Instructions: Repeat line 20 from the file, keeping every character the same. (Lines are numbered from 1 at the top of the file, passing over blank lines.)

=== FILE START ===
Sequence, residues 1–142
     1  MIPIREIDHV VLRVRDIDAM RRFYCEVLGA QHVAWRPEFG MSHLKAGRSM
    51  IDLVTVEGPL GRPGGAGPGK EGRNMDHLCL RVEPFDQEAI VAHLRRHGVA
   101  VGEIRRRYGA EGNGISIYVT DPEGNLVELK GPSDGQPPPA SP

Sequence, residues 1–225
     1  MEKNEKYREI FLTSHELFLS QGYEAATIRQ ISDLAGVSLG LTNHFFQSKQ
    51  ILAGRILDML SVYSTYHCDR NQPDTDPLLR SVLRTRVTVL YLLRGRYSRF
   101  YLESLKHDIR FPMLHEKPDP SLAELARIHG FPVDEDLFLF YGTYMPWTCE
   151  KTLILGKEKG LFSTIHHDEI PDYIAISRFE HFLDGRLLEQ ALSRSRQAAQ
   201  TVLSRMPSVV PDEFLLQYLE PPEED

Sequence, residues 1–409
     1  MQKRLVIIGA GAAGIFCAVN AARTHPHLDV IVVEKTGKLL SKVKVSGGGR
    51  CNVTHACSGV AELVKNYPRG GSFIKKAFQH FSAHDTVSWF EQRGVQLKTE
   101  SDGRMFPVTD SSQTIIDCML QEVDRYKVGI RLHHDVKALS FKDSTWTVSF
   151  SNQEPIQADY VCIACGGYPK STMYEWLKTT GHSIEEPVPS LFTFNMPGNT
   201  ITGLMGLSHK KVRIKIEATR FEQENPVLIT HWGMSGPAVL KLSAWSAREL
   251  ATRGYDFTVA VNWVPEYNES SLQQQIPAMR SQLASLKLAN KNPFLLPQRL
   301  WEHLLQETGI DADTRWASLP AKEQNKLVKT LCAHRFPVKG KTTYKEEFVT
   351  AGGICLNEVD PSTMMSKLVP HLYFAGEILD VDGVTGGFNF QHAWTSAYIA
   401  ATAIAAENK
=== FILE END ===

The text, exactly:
   401  ATAIAAENK